© EastnewsAngry: Clive Lindloe has made an official complaint over the way police treated his son Charlie, who was accused of throwing an apple.
When two police officers turned up on his doorstep at 11.20pm, Clive Lindoe feared the worst.

But the father of three was shocked and angry to learn the reason for the late-night visit - an allegation that his youngest son had thrown an apple at another boy.

They even threatened to arrest Charlie, 13, when his father initially refused to let them see him until the morning.

The schoolboy was then woken up and taken to the 'bullying and brutish' officers, who made him sign what is believed to have been a neighbourhood resolution agreement, used to resolve minor disputes - even though he denied hurling the apple in the first place.

Mr Lindoe, 50, has since made an official complaint to Essex Police, accusing the force of leaving his son traumatised by the heavy-handed treatment. 'We had been enjoying a lovely evening together as a family,' said Mr Lindoe, who lives with his wife Lyn, 48, and their children Charlie, James, 14, and Robyn, 16, in Great Horkesley, near Colchester.

'The boys had gone to bed and then suddenly there was a banging at the door - really hard knocks.

'When the police told me they were investigating reports of an apple being thrown I could not believe it was about such a petty issue.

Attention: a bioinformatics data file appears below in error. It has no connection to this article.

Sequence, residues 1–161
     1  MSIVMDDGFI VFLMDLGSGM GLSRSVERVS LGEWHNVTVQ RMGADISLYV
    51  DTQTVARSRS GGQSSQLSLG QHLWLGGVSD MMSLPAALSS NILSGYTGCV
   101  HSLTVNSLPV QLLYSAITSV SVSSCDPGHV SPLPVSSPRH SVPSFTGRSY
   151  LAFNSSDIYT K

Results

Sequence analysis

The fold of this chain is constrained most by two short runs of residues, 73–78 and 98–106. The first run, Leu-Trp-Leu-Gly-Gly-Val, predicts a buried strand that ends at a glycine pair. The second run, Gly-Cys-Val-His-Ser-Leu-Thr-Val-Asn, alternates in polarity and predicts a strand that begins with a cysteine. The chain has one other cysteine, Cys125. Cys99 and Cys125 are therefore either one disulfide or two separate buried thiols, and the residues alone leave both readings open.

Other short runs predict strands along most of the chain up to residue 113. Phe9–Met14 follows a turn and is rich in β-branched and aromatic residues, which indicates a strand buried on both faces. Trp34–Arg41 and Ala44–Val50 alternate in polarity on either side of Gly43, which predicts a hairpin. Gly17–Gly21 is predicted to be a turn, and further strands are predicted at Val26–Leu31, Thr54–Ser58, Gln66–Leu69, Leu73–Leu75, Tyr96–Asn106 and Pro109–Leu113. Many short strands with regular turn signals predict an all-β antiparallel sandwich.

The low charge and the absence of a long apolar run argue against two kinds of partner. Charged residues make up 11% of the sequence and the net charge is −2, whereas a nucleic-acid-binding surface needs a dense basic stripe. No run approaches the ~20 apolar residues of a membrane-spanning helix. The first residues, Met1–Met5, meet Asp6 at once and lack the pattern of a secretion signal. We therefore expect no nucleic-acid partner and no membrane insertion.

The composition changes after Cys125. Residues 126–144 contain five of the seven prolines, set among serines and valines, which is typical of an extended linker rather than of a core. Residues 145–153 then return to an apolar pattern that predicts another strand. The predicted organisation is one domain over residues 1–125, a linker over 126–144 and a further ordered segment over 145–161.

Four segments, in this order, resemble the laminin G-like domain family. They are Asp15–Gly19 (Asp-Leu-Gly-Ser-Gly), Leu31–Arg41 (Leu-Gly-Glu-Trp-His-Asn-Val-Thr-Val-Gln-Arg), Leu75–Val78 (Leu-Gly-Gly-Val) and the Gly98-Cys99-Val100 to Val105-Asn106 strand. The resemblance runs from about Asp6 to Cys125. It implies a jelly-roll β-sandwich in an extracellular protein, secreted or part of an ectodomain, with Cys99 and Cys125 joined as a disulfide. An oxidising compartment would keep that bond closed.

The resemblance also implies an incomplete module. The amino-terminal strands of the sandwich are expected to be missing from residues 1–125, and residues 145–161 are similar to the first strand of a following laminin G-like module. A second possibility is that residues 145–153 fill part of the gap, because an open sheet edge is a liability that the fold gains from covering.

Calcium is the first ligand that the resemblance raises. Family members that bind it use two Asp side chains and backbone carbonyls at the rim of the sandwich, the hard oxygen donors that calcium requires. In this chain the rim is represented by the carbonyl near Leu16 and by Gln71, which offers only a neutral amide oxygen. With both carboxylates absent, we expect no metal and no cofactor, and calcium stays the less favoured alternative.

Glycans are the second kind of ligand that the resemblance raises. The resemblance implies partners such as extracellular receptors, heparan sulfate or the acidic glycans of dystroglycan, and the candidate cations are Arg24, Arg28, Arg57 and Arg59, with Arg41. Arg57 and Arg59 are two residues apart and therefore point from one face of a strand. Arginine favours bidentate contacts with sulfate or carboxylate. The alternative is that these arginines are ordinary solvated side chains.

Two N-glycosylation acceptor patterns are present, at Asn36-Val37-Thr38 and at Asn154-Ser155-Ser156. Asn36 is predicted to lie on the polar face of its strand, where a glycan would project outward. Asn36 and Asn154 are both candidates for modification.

I told them they would have to come back in the morning, but they said, "We can't do that - get him out [of bed] or we will go in there and arrest him".

'Charlie was crying and shaking and saying, "Dad, I didn't do it, I didn't throw the apple, don't let them arrest me".

'If they were investigating a murder or a serious assault, I could understand the need for coming late at night.

© Google StreetviewScene: The incident took places in the village of Great Horkesley, Essex

'But they arrived five days after [the incident] was supposed to have happened.'

Mr Lindoe said his son had never been in trouble with the police before, and accused the officers of failing to listen to his side of the story when they grilled him at the family's ยฃ250,000 bungalow on Saturday.

'He's no angel, that's for sure, but he did not do this and he did not deserve to be treated like that,' Mr Lindoe added.

'The officers were bullying and brutish in the way they approached us.'

He suggested the apple-throwing was the result of a long-running squabble between two sets of boys in the village.

He said his son had been out with a friend when they bumped into another youth from the rival group, who has been named locally as Leo.

© AlamyWeapon? Charlie Lindoe allegedly threw the fruit at a boy from a rival group in the village
During the confrontation that followed, Mr Lindoe said an apple was thrown at Leo, leaving him with a slight bruise to the arm - but he added that he had made enquiries and was certain his son was not responsible.

'This kind of thing happens when kids are growing up,' he said. 'They have their friends they get on with and then there are others who they may not get on so well with.

'But to behave in the way [the police] did to my boy, at the time they called round, just beggars belief.'

Yesterday, the family were visited by a sergeant who is investigating their complaint.

Essex Police has refused to identify the form Charlie signed because their investigation is 'ongoing'. A spokesman added: 'It would be inappropriate to comment any further.'